In a contract solution between patients and doctors, in the event of an adverse outcome beyond the expected risk, patients would be compensated for a certain amount, similar to a no-fault system that has been implemented in other countries. Patients would be compensated quickly for preventable injuries, and doctors would be more willing to disclose errors, which could be investigated and prevented. In liability by contract, doctors would be freed from the burden of the traditional system provided that they do certain things. They would have to make their outcomes data available to all patients and cooperate with patient safety agencies. That is one of the main reasons for medical malpractice lawsuits: patients want to find out what happened in their case. Much of the time, it’s less about compensation and more about discovery.
Under the current system, most hospitals and doctors ask their patients to sign an informed consent form at the time of treatment, releasing a provider from legal liability in case of a bad outcome. But courts have routinely disregarded these forms and dismissed arguments about them on the grounds that they don’t really constitute a genuinely informed consent. Some of them can be pretty vague. Our solution would have a state Legislature specify the elements of enforceable contracts, thereby recognizing that malpractice can be done through contracts, and not through courts, lawyers, and several years of discovery and litigation.
PND: What would elements of an enforceable contract look like?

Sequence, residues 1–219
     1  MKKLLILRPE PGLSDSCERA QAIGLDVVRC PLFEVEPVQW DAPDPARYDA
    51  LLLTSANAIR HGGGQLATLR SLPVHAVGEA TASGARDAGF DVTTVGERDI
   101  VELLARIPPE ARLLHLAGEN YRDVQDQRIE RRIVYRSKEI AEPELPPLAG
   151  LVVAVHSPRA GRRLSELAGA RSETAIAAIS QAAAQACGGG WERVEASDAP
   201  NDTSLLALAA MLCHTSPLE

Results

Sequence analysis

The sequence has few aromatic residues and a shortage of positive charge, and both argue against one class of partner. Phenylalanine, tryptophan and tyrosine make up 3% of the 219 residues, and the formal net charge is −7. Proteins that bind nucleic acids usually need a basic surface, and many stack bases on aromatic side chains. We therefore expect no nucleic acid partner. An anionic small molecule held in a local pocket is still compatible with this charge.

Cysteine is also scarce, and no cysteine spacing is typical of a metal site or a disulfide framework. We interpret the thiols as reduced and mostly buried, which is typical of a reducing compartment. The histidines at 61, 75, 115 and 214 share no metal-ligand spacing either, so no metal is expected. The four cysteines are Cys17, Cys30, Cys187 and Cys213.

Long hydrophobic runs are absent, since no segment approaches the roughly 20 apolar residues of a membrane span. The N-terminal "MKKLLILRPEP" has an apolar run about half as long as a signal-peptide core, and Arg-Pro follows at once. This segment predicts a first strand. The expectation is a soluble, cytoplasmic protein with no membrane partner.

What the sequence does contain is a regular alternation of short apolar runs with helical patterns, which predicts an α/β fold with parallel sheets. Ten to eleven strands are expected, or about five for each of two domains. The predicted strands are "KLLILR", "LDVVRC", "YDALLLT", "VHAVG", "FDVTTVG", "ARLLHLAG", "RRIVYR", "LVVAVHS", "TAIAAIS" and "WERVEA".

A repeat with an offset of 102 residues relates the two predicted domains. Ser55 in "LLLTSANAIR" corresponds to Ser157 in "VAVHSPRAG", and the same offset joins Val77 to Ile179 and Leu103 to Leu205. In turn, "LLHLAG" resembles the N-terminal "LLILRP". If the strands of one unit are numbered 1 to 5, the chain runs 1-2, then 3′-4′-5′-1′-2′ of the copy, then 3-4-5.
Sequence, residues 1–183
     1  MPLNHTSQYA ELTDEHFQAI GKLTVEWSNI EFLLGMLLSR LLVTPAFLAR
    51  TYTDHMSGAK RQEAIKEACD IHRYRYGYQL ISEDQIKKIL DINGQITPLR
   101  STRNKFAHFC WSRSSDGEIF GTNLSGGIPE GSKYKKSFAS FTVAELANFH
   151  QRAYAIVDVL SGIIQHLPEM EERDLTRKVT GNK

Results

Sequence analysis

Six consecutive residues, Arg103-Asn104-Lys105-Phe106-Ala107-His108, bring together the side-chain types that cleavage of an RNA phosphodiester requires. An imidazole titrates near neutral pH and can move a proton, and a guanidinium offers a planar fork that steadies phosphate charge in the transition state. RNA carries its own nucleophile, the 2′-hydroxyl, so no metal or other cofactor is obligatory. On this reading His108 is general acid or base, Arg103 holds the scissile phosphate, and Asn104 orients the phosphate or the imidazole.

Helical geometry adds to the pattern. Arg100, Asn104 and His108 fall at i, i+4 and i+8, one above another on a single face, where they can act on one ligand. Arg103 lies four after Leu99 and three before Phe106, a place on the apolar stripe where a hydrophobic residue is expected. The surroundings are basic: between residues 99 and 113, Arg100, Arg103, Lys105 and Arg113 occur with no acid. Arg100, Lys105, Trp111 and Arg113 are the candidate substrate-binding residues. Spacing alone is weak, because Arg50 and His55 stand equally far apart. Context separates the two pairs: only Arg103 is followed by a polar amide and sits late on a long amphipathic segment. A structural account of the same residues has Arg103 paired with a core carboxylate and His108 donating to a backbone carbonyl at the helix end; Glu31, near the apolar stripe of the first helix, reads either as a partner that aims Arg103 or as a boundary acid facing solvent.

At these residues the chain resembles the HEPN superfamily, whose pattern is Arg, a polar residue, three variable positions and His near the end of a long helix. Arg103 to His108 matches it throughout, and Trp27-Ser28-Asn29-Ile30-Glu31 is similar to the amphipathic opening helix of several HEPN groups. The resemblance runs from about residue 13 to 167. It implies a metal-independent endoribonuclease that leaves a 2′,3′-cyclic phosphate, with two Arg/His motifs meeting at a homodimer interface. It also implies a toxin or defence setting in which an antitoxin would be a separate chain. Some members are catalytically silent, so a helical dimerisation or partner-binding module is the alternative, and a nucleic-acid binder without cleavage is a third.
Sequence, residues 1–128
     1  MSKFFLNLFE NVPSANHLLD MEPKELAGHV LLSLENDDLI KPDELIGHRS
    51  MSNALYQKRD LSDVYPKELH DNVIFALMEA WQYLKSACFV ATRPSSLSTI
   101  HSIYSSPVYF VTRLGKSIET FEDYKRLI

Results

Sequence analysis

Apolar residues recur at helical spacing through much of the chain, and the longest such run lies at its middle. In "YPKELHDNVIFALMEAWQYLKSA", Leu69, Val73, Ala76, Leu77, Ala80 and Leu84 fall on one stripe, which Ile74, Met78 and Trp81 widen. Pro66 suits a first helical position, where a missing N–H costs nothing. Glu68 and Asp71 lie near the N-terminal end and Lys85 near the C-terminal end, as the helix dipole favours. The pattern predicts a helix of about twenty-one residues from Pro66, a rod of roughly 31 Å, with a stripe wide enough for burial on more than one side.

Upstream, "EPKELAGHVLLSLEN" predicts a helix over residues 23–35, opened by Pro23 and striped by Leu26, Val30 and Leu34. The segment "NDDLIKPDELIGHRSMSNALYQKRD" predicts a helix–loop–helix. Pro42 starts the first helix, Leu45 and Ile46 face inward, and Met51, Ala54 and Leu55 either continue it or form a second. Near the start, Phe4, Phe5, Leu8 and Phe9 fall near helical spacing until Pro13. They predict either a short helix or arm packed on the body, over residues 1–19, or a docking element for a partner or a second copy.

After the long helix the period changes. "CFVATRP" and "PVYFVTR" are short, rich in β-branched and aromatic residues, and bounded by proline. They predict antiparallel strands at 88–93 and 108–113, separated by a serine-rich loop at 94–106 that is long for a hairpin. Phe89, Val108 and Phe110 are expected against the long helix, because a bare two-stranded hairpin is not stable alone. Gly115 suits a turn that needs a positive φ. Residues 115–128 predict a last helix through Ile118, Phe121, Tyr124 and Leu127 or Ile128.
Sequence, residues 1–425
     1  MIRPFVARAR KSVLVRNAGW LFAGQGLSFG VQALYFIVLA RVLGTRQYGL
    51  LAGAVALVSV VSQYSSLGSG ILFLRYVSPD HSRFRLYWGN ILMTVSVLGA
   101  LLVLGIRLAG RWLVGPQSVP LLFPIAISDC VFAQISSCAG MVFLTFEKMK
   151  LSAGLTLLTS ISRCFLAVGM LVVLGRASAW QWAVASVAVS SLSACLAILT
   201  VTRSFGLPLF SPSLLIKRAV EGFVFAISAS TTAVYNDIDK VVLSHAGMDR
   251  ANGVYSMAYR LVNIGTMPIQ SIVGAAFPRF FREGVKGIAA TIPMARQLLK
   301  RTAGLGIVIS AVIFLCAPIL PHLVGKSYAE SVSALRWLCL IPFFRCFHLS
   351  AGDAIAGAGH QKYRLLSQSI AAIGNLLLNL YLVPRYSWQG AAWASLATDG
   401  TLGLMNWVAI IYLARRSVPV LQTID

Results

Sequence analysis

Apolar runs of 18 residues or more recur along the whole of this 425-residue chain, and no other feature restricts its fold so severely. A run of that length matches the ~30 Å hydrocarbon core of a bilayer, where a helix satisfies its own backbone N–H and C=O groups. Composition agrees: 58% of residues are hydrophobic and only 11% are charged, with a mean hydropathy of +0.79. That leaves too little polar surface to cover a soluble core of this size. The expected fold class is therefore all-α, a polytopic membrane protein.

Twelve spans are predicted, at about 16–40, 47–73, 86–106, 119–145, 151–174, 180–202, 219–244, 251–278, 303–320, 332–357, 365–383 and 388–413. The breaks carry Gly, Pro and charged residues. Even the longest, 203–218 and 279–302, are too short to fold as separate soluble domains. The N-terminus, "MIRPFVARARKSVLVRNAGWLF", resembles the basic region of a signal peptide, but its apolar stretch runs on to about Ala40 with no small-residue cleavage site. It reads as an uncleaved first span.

PV: The state would probably have to have a constitutional amendment allowing this because state Supreme Courts have struck down attempted malpractice reforms, such as using arbitration as an exclusive remedy. The Legislature would review recommendations from physicians, patients and insurers, and would require specific minimum standards to be spelled out in a contract, such as the minimum standard of care that a patient could expect, the potential for risk, the mortality rate for a certain procedure, and the compensation for a preventable adverse outcome. All contracts would have basic information in them that patients could read and understand. It would be more comprehensive than what you would see on the typical release form today. Additional provisions and compensation amounts would vary by specialty, and should be adjusted based on the risk of the procedure, which is partially determined by the patient’s characteristics – e.g., whether they are elderly, diabetic, or at higher risk for the given procedure. If you don’t adjust for patient risk, then you would have physicians avoiding high-risk patients. The contracts would spell out, particular to each patient, what their compensation would be.